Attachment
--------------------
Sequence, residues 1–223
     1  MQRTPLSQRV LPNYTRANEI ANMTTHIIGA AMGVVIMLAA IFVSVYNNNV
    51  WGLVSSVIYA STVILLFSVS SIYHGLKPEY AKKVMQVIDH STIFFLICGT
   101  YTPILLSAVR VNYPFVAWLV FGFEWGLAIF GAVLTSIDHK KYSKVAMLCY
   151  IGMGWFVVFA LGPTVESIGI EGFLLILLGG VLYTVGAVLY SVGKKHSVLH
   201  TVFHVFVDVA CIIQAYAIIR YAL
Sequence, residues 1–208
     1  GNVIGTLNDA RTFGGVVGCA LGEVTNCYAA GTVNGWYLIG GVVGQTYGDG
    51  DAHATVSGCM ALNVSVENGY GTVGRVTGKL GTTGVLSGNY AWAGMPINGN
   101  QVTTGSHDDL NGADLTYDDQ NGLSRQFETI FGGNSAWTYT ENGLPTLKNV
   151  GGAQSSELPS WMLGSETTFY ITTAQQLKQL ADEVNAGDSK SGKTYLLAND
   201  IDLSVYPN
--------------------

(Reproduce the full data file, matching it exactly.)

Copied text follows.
Sequence, residues 1–223
     1  MQRTPLSQRV LPNYTRANEI ANMTTHIIGA AMGVVIMLAA IFVSVYNNNV
    51  WGLVSSVIYA STVILLFSVS SIYHGLKPEY AKKVMQVIDH STIFFLICGT
   101  YTPILLSAVR VNYPFVAWLV FGFEWGLAIF GAVLTSIDHK KYSKVAMLCY
   151  IGMGWFVVFA LGPTVESIGI EGFLLILLGG VLYTVGAVLY SVGKKHSVLH
   201  TVFHVFVDVA CIIQAYAIIR YAL
Sequence, residues 1–208
     1  GNVIGTLNDA RTFGGVVGCA LGEVTNCYAA GTVNGWYLIG GVVGQTYGDG
    51  DAHATVSGCM ALNVSVENGY GTVGRVTGKL GTTGVLSGNY AWAGMPINGN
   101  QVTTGSHDDL NGADLTYDDQ NGLSRQFETI FGGNSAWTYT ENGLPTLKNV
   151  GGAQSSELPS WMLGSETTFY ITTAQQLKQL ADEVNAGDSK SGKTYLLAND
   201  IDLSVYPN